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Publication numberUS3796376 A
Publication typeGrant
Publication dateMar 12, 1974
Filing dateAug 7, 1972
Priority dateJul 28, 1972
Publication numberUS 3796376 A, US 3796376A, US-A-3796376, US3796376 A, US3796376A
InventorsFarnsteiner Irmgard
Original AssigneeFarnsteiner Irmgard
Export CitationBiBTeX, EndNote, RefMan
External Links: USPTO, USPTO Assignment, Espacenet
Spray gun
US 3796376 A
Abstract
A spray gun with a hollow handle has a trigger that opens a valve in the handle to admit compressed air. Lateral openings adjacent the handle feed secondary air by the venturi effect. The trigger also retracts a plunger in the spray head that controls liquid flow, with the valve opening slightly before the plunger. The spray head includes a sleeve with converging orifices for compressed air, and this sleeve is movable axially relative to the plunger to control the spray pattern.
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Description  (OCR text may contain errors)

xwx 3 5.63M 929 3 .3 2 2 Mar. 12, 1974 FOREIGN PATENTS OR APPLICATIONS 1,797,209 3/1931 Bramsen et a1. 2,670,239 2/1954 Pitch................ 2,888,207 5/1959 Sykes........ 2,544,123 3/1951 Anderson.....................

1,577,333 6/1969 France..........................

Primary ExaminerAllen N. Knowles Attorney, Agent, or FirmYoung and Thompson [57] ABSTRACT A spray gun with a hollow handle has a trigger that opens a valve in the handle to admit compressed air. Lateral openings adjacent the handle feed secondary air by the venturi effect. The trigger also retracts a plunger in the spray head that controls liquid flow, with the valve opening slightly before the plunger. The spray head includes a sleeve with converging orifices for compressed air, and this sleeve is movable axially relative to the plunger to control the spray pattern.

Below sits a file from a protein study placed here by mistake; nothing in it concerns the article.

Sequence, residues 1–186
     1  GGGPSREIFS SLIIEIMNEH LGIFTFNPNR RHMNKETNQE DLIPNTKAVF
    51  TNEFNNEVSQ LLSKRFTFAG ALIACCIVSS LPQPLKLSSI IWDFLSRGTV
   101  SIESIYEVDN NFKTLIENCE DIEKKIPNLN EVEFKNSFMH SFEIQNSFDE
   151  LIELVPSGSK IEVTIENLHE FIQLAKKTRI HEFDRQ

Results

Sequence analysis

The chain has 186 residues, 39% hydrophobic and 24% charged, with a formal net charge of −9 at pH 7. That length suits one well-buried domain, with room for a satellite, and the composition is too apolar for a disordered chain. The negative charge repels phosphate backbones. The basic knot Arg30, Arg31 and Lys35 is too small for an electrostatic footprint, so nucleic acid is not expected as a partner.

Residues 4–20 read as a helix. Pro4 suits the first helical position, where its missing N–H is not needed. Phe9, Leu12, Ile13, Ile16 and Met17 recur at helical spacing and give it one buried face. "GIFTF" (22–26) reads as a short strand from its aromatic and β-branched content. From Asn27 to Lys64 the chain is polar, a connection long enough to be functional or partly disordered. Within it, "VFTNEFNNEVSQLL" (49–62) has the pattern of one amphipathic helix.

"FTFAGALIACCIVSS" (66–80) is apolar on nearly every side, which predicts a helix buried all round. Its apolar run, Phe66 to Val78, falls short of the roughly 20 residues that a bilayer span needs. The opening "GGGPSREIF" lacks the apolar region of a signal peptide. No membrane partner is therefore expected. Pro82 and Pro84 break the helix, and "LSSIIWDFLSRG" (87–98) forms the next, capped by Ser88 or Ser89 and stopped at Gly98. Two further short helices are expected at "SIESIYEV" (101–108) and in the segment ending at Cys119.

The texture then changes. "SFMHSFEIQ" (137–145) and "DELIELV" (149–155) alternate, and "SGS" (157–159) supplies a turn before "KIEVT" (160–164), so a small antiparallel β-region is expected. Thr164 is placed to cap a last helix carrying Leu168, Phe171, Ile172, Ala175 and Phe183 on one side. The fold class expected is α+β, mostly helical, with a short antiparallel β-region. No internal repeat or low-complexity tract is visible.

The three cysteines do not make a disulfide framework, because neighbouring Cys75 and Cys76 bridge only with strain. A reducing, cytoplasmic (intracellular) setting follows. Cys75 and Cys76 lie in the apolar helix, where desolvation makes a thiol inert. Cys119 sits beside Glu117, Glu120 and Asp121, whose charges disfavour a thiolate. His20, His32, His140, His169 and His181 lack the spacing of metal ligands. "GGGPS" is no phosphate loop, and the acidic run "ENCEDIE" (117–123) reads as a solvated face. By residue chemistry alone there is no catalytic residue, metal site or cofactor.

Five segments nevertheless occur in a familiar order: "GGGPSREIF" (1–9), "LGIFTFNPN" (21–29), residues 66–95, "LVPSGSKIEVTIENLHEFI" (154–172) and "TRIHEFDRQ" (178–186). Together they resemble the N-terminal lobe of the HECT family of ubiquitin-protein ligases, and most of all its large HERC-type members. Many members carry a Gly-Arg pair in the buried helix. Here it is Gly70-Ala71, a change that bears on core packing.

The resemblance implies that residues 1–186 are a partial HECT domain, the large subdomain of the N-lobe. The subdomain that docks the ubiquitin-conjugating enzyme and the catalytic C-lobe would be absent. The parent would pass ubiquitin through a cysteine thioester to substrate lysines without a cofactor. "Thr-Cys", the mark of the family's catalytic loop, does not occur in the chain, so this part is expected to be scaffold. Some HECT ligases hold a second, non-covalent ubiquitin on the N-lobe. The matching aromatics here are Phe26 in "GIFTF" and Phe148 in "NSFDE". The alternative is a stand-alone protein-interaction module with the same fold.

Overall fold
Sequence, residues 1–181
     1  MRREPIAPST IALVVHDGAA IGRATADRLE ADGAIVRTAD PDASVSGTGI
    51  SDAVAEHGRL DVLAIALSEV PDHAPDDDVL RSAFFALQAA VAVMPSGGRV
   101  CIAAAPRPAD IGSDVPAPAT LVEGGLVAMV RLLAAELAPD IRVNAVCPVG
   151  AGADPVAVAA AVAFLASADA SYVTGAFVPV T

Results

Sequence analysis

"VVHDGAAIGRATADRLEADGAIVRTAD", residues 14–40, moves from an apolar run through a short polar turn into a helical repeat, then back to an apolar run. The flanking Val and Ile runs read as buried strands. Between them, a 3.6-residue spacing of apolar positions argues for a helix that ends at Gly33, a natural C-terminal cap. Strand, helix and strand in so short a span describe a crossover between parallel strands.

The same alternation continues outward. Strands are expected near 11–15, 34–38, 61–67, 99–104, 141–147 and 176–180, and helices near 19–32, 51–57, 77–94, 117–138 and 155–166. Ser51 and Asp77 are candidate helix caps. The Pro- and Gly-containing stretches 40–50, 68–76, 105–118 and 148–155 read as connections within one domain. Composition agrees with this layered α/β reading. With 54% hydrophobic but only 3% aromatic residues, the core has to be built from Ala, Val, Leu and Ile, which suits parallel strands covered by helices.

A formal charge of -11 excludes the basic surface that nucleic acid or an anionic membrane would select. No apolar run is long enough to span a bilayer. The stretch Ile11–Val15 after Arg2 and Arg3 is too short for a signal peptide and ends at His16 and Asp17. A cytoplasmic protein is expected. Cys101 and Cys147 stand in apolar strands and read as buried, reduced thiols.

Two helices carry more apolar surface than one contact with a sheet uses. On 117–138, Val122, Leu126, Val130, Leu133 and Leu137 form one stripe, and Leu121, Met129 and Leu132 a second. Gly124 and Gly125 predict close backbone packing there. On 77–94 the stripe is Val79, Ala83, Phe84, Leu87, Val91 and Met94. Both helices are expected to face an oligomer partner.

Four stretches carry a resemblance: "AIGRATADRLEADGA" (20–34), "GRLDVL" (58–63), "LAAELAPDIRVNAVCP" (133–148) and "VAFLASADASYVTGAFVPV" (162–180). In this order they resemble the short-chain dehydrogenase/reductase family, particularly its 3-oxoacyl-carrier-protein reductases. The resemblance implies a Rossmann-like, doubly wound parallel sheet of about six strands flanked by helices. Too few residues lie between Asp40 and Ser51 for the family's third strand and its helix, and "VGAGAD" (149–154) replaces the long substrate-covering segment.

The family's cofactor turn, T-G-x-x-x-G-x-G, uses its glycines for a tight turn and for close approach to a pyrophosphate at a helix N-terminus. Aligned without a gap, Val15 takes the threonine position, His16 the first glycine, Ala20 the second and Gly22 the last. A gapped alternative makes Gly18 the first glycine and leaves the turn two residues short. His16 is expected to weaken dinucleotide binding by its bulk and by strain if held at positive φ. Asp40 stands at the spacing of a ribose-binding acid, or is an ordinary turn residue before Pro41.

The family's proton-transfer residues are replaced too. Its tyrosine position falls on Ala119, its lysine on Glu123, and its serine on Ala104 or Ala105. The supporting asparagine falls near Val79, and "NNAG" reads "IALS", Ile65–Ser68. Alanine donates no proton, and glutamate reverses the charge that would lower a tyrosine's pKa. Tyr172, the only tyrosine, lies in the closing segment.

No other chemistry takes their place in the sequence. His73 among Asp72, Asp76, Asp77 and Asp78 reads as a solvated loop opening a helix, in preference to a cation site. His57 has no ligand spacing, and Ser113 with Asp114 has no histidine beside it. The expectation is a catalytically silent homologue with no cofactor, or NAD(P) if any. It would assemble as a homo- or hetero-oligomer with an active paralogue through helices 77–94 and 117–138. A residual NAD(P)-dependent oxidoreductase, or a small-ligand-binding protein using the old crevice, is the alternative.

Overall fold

5 Claims, 6 Drawing Figures XXX 5x 1 W54 M99 33 22 2 n" I Unlted States Patent Farnsteiner SPRAY GUN Inventor: lrmgard 0. M. Farnsteiner,

Residence Autevil, Blvd du tenao, Monte-Carlo, Monaco Filed: Aug. 7, 1972 Appl. No.: 278,224

References Cited UNITED STATES PATENTS 8/1959 Williamson.................. 1,626,096 4/1927 Reichenbach 1,950,779 3/1934 Bramsen 2,557,593 6/1951 Bjorkman [58] Field of Search Z 7 Y.- 9 21 l s 0 Z, Ai m\ 7. 7n a H th 7 d 3 SPRAY GUN The present invention relates to spray guns, more particularly of the type in which a liquid such as paint is sprayed by the action of compressed air that arrives through the hollow handle of the spray gun to entrain and atomize the liquid.

In the known spray guns of this type, in which com pressed air arrives at a relatively high pressure of, for example, 50 to 60 lbs/in a good deal of liquid tends to become vaporized and forms an undesirable fog.

Accordingly, it is an object of the present invention to provide a spray gun that overcomes the above disadvantage.

Another object of the present invention is the provision of a spray gun with a hollow handle and means for adding secondary air to the stream of compressed air which is supplied to the hollow handle of the spray gun.

Still another object of the present invention is the provision of a spray gun with a plunger that controls the liquid flow, in which the plunger actuation is regulated in a novel way with respect to the action of the valve admitting compressed air through the hollow handle of the spray gun.

Still another object of the present invention is the provision of such a spray gun, having a spray head in which the air supply is adjustable relative to the liquid supply so as to regulate the spray pattern.

Finally, it is an object of the present invention to provide a spray gun which will be relatively simple and inexpensive to manufacture, easy to adjust, operate, maintain and repair, and rugged and durable in use.

Other objects and advantages of the present invention will become apparent from a consideration of the following description, taken in connection with the accompanying drawings, in which:

FIG. 1 is a side cross-sectional view of a spray gun according to the present invention;